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Pharmacy Residency Podcast

Apr 23, 2018

Lindsi Tillo was a P4 with me at the University of Iowa, she's graduating soon and talks about her goals and successes as a pharmacy student and her hopes for the future in community pharmacy practice in Charlotte, North Carolina.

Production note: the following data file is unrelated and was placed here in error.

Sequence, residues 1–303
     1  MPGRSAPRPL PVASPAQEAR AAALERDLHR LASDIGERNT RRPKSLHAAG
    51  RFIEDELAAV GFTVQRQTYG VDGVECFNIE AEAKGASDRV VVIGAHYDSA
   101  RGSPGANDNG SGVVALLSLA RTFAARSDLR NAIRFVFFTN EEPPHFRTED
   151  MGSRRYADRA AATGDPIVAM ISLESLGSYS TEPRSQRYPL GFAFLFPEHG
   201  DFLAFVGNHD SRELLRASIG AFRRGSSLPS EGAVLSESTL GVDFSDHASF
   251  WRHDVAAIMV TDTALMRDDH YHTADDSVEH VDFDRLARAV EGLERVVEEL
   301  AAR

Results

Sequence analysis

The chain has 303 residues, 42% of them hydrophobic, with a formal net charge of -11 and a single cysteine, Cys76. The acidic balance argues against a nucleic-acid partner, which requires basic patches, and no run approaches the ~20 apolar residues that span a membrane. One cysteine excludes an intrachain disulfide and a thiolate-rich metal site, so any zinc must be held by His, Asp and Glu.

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Welcome to the pharmacy leaders podcast with your host Tony Guerra the pharmacy leaders podcast is a member of the pharmacy podcast network with interviews and advice on building your professional network brand and a purposeful second income from students residents and innovative professionals welcome to the pharmacy leaders podcast for 24 more hours well graduation is in May but for 24 more hours Lindsay Tillow is a fourth year pharmacy student at the University of Iowa she's had experience working at the University of Iowa Hospital and Clinics as an inpatient pharmacy technician as well as CVS pharmacy and target but she's ultimately decided working directly with patients in a community setting is her passion she starts her pharmacy career in Charlotte North Carolina at CVS Pharmacy inside Target where she hopes to eventually provide clinical services to patients in need Lindsay welcome to the pharmacy leaders podcast Tony thanks for having me okay well we're gonna start with the leadership road everyone's leadership approach is a little bit different tell me a little bit about where pharmacy came into your life how you decided to go to the University of Iowa and then tell us a little bit about your plans for the future I've always been interested in health care and the health care setting my aunt's a pharmacist so I shadowed her and decided that that was the route that I wanted to take I decided that maybe working with patients and getting nitty-gritty with blood and guts was not my thing so I decided to go to the University of Iowa and pursue a career in pharmacy and it ultimately worked out for me I like you said I started working at the University of Iowa Hospital and that's kind of where I got my foot in the door with the pharmacy it was a great experience because I met so many great pharmacists who taught me all sorts of things about pharmacy and about life and it was a great experience but then I started pharmacy school a and had a rotation at Target pharmacy I thought oh this is gonna be awful I don't know if I'm going to like retail I don't want to do this but it ended up being the best thing ever because I will never forget I had a patient who was complaining of muscle cramps and I thought oh I thought everybody just knew that when you had muscle cramps it was because you needed electrolytes like magnesium and so realizing that not everybody knows those little things what was what made me decide that community is where I was needed so then I ended up getting a job in Target pharmacy and I I don't know I just loved it and continued to work there even when we became CVS Pharmacy and we'll continue to work there when I graduate in a month like you said but I will be moving to Charlotte which I'm very excited about okay well tell us a little bit about that curse of knowledge you started off when you you know started off college knew very little about maybe some of the medications and the disease states but now you're at the point where you have to actually take a step back and say oh my gosh I know all this and that's just kind of ingrained in me how do you take it to a patient and get that one-on-one so that you meet them where they are especially with something as simple as electrolytes yeah so it's kind of funny you asked me about that because I will talk to my family and my mom will be like dumb it down for me I don't know what you're talking about and then I'll talk to my aunt and she'll be like on the same page with me just totally agreeing oh I totally get what you're saying and where you're coming from but yeah I just have to take a step back and think about okay where was I you know four years ago when I didn't know well you know all that I know now about medications and pharmacy and I like to think about it like every patient is my family like my mom or my sister and so I like to treat you know just like that and realize that they they don't know all these things that I know and they have other talents and knowledge that I don't so I need to share my knowledge with them but maybe on more of a you know a lower level so that way they get that okay electrolytes is just Gatorade or you know something like that so they kind of can compare the two to every everyday life okay let's talk a little bit about community pharmacy as community pharmacists for a long time I honestly don't feel I should ever be allowed in a hospital unless I go back to pharmacy school and and do that stuff I think that I focus maybe too much on that way but right now it's actually tough to be a community pharmacist because so much of the pressure says you have to do a residency and you have to go to hospital and if you're if you're not in the community you're not working at the top of your license but it sounds like and we'll talk about this in the way that you you worked with the students one on one it sounds like one on one is your best spot can you talk about how you get good at working one-on-one with patients and people yeah so like I said earlier I just really like to think about each patient like my best friend my mom my family and how would I want somebody to talk to them about their health and their medications because like we we just said they don't they don't always know what's going on and they go to the doctor and they're given this new diagnosis and new medications and they're overwhelmed and confused and maybe a little sad or frustrated with their life and so then I like to take a step back and just be their friend but also be there to provide any information that I can just to help them get through it and obviously since the patients come to the pharmacy you know once a month it's a little bit easier to have that long-term conversation with them versus a physician or a pharmacist in the hospital who only sees them when they come in for a visit or are admitted to the hospital so it's easier I think in the community to just sit down with them and take the time to say okay this is but your disease state is and this is what you can do at home to kind of help that you know maybe your diet or exercise or maybe if you just find a friend who has this same diagnosis you guys can get together and talk about it and maybe things will be a little bit better but I like to just encourage them to come to me with any questions - I feel like if you have that relationship with your patients where they feel comfortable with you you'll ultimately get through to them when I first started the first thing that we asked a patient would be are you dropping off or picking up and it seems like you've learned in school or the new wave and we're talking about 20 years later 24 years later from when I started that things are much different so how do you not only engage a patient but how do you keep yourself from being transactional and when a patient comes in saying okay what's your last name or you know what who are you picking up for yeah so I like to approach every patient as how can I help you what can I do to help your day be a little bit better because you're right now everybody's coming in to pick up or drop off a prescription some people just have a question about where's the baby aspirin and so if you take the chewable aspirin low-dose aspirin know there was my parents loved me I know they did but they gave me orange st. joseph´s baby aspirin because that wasn't a thing in the early 70s so it's just and I know we still call it that but yeah that's a that's funny you mention it I didn't mean to derail your train of thought but but how do you how do you let those patients know you care yeah so um I know in school we were taught to and a lot of it was at the community pharmacy practice site but your tie okay if a patient has a question whether it's about their medication or they just want to find a product you go out to the aisle with them and you help them and you ask them open-ended questions so if somebody is asking for their low-dose aspirin you can just say oh you know what are you planning on taking this for or things like that and then if if they say well I really don't know why I'm supposed take this then you can kind of get into that conversation about okay well this could be your diseased state and maybe doing this would also help you and then they kind of feel like oh wow this person really cared about me and they really care about my health so just just starting that conversation instead of just okay how you know are you here to pick up or whatever you know it's sure okay well I'm I'm from the East Coast and my wife has said over and over again how it's not the people in the East Coaster mean it's just they're not as nice or they're just not as you know so bored and and I you know I've learned to wave to people I don't know I've learned to lift the second finger off of my hand off the steering wheel to say hello to people I'm passing but tell me a little bit about how the curriculum at Iowa gets you prepared to talk one-on-one with people and to help them out with the students I'm embarrassed to say this but at many times the students would say yeah I'd rather talk to Lindsay then talk to me and that's both hurtful and wonderful at the same time for you but tell me how did the curriculum or what are the classes or what are the professors that really allowed you to make it so that you're extremely welcoming yeah so I think a big part of that was our lab our ppl is what it's called we did a lot of mock interviews and we had you know actors come in and even interview them and I think preparing for that I would work with the professors and with my friends and we would just kind of think about okay how would I want to be treated in the pharmacy or when I go to the doctor's office and how can I relay that you know in this interview with this pretend patient and really make it as real as possible and I think the University of Iowa did a really good job of making it feel real like you were really in a pharmacy and I think a big part of that to also came from working at the core oval target my pharmacy manager Chris maybe she really told me that you to make it a conversation with the patient instead of just these are the side-effects here's your medication you need to make it open-ended you need to have them respond to you as well as you giving them information and I think she was really the one that shaped me to be more welcoming towards individual patients like that so we're close to the end of you know a lot of people are looking for jobs some people unfortunately didn't match the chances of matching in match two are not the best and then in the Scramble it's about 5% so tell me how did you get a job in what is sometimes a difficult job market well honestly I have always known that I've wanted to go to North Carolina it's just something that has been on my mind for a really long time so I got in contact with my district manager for target a CVS Pharmacy inside Target and just said hey this is what I want and would you have any contact information for somebody there and he gave me an email address for the district manager of Charlotte and so I just emailed him my resume and said you know I'm interested in a position and when I graduate is there any possibility of that and it just went from there when did that happen though when did you send out your resume so I might have done that a little too early I didn't like back in August in September but it works for me I'm just a little bit I like to be prepared well if you know you know you know okay all right well let's talk a little bit about teaching so I've learned it's my first time taking ap PE stands for my first year taking ap PE students I had j-term students for a long time and and I wasn't sure if I had enough to give them but I felt comfortable this year doing it and what I've done is in the first 48 hours your live teaching with someone and I thought that's great but maybe I could have done that a little better so tell us a little bit about the experience you had teaching the first time what maybe as a preceptor I could have done a little bit differently to let the other preceptors out there know that hey your student might not give you feedback but I'm certainly willing to take it yeah so my situational is a little unique because I chose this rotation for many reasons but one of the biggest reasons I chose it is because I get a little nervous speaking in front of large groups and so I figured okay I have to do it I might as well just jump in and get as much practice as much feedback as possible so that is why I chose this rotation so when you told me I was going to be lecturing in front of 60 students I just got butterflies in my stomach I was so nervous but ultimately I knew okay these students were once in the position I they are in the position I was once in and how did those professors that I had what did I like that they did and what can I do to kind of make it more comfortable for these students and really help them learn and just kind of sucked up my nerves and I I know you told me that I speak a little bit too fast and I don't think that's something that'll ever change but there are some strategies we've talked about which is writing on the board so it slows you down and or writing in the answer so it slows you down because I'm also a fast talker but I think that their students are pretty forgiving if the next time you come back and you crush it but you also started making sheets that would help them so tell me a little bit about how things really became concrete as okay so I was giving them the information the first time but then the second time around you had at least 25 questions for the whole for the lecture so tell me a little bit about your your change in mindset and your preparation because it wasn't just okay I've got to really know the stuff you knew the stuff that wasn't the issue it was how do I make it like I would want it to be yeah so I remember I had a professor dr. Slagle who he would create handouts instead of powerpoints and I really liked that process so I decided to go ahead and recreate that and have a handout instead of a PowerPoint for these students and I made a whatnot eight or nine page handout and you're like there's no way you're gonna get through this in 90 minutes but I did and I did it in like an hour so after that I decided okay I've got to do something to engage the students a little bit better and to slow myself down and I figured okay what's the best way to do that but ask questions to lead into the next thought and the next idea and so I just started coming up with these questions based on the material I was giving them and thought okay this is a great way for them to really learn and become engaged in the in the class okay let's talk about some of the specific tips maybe we can give another student who might be going on an academic rotation or something like that tell me how you pause to wait for someone to answer because how do you deal with that silence when you ask a question and nobody immediately responds that was the worst our pharmacy class is known as the quiet class because literally no one will answer and so when the professor's all say oh you are the quiet class now I get it I get their pain and they would through I man I can be inpatient sometimes so when I asked a question I was expecting an immediate response and then I remembered okay I didn't like to answer questions because I was a little nervous about being wrong and I was nervous about being put on the spot so then I just remembered okay and you just take a step back and let these students think about the question for a second let them really like you know think about it and look up the answer if they need to and then eventually somebody will answer because they'll be so uncomfortable as well yeah the book says forty-three seconds is how long you're supposed to wait and that that seems like an eternity and and you you really as a student you get knocked if you do answer or you don't answer so if you do answer and get it right people are like Oh show off yeah and if you do answer and get it wrong then you've got of you getting it wrong so there's no win really for the student except when it becomes so uncomfortable too quiet like I'm just gonna answer it because I just can't so that's that's tough and then you handled that well well let's talk about your you're also your bread and butter which is students love you one-on-one they love to have you there have you next to them tell me a little bit about how you've worked with students one-on-one yeah so I had a lot of students especially in your chemistry class that would come up to me for questions on their homework problem and I remember thinking I haven't done chemistry for like six years I don't know if I'm gonna know how to answer these questions but it all came back to me in an instant so I was thankful for that but I just when I was in college I obviously went to the University of Iowa and so I had a big class and you didn't get that one-on-one work unless you went and asked for help and so I didn't always go and ask for help but when I did I the TA wouldn't always be much help for me because they would be speaking over my head so it kind of goes back to talking to the patients about you know on their level and so I would talk to the students on their level and try to just okay I need to go back to the very first step and why am I doing this and how can I explain this in a way that's going to make sense to them so that way they can replicate this same problem for the exam yeah and I I have people I have students teach chemistry and pharmacology and it's what students have says it's nice to have something that you can if you need to you know refresh or pick up again but you know maybe in a second-round critical-care rotation where you're there for 12 to 14 hours you never get that feeling of I got it I've got it down with these students and then you know you you had that you know you say five or six years ago and then you had you know pharmaceutical Kim and all those things I feel like tell me a little bit about how being able to be an expert on something improves your confidence and maybe not just in the classroom but your confidence as you go out and become a pharmacist yeah so I like to think about this as if I prepare for a class I'm going to know what I want to say and what I want to do and then I'm going to come off as confident and the students are going to really truly believe what I'm saying the same thing goes for pharmacy practice so if I tell a patient oh you know you shouldn't give your your child aspirin but I'm like oh maybe you shouldn't give it to them they probably aren't going to believe me and they're gonna think that I don't know what I'm talking about so if you just really make sure you look up or you know what the answers are and you come across confident you know everybody's gonna believe you although with that being said you also especially in the healthcare profession need to know when you don't know something so if you aren't 100% confident you need to say mmm I'm not sure let me look that one up for you know that those are the three toughest words as a healthcare professional to say I don't know and I'll have to look up for you well um one other thing I wanted to go over so you're you're going to Charlotte and you know you said you wanted to do this for a long time tell me a little bit about what you're hoping for in the future you did get to talk to someone who is working in Charlotte now tell me a little bit about what your future looks like well I'm really excited to go to Charlotte for several reasons obviously the weather and the environment is kind of what drew me there but I also really like how progressive they are with pharmacy practices so pharmacists can become providers in the state of North Carolina and I really like the idea of doing that to help provide patients with clinical services you know so maybe monitoring their blood sugars and helping them adjust their doses of insulin if they need it or their hypertension medications I just like being able to do little things like that and I feel like then the patient really truly appreciates your help because they don't have to make an extra doctor's appointment or they don't need to you know worry about oh no I have a no duck appointment for a year I can't get a refill so being able to provide those services could be a huge step for a pharmacist and I really want to be a part of that so I'm really excited to learn how to how to really change the pharmacy practice and I feel like North Carolina is a good place to do that well so I this is the other Iowa school at Drake where Anna Shields picked you picked her residency because of the state's laws and I've heard that that's more common where you feel like you're going to learn more because the state allows you to do more and so when you say top of your license I didn't think about that until just now that that means something completely different in two different states so what are some of the other things I'm guessing that you've already started looking at the pharmacy because you knew where you were going tell me a little bit more about picking a state based on those kinds of things the the ability to do more things than you would at another yeah so I think it's important to you know before you decide where you want to end up especially right out of school you need to consider those Pharmacy laws because if they're doing something that you're not interested in or you don't want to do then that's probably not a good place for you to go I think what really actually helped me and this was kind of after I got the job and everything but I I talked to Jessica in North Carolina for your podcast and she gave me a lot of really good information and a lot of good advice so I think reaching out trying to find somebody who's in a similar position that you're in it's a really great way to learn more about the state and see if whether you think it's a good match or not for you and obviously always going to shadow the pharmacy or talking to the district manager about the differences from state to state might be a good idea as well well I've asked you a lot of questions do you have anything else you want to say here the day before you're done with the pharmacy school especially to those people behind you and the classes behind you I guess what I do want to say to especially those p3s out there I remember my first day as a p4 student on rotation and I remember thinking I do not know anything I'm going to fail this is gonna be awful but I you know when I was asked as tough questions it all came flooding back to me and I knew what I was doing so just be confident and don't be afraid to ask questions okay well thanks not only for being on the pharmacy podcast but thanks for helping the students that you have helped over this last semester thanks Tony support for this episode comes from the audio book memorizing pharmacology a relaxed approach with over 9,000 sales in the United States United Kingdom and Australia it's the go-to resource to ease the pharmacology challenge available on audible iTunes and in print ebook and audiobook thank you for listening to the pharmacy leaders podcast with your host Tony Guerra be sure to share the show with a hashtag hash pharmacy leaders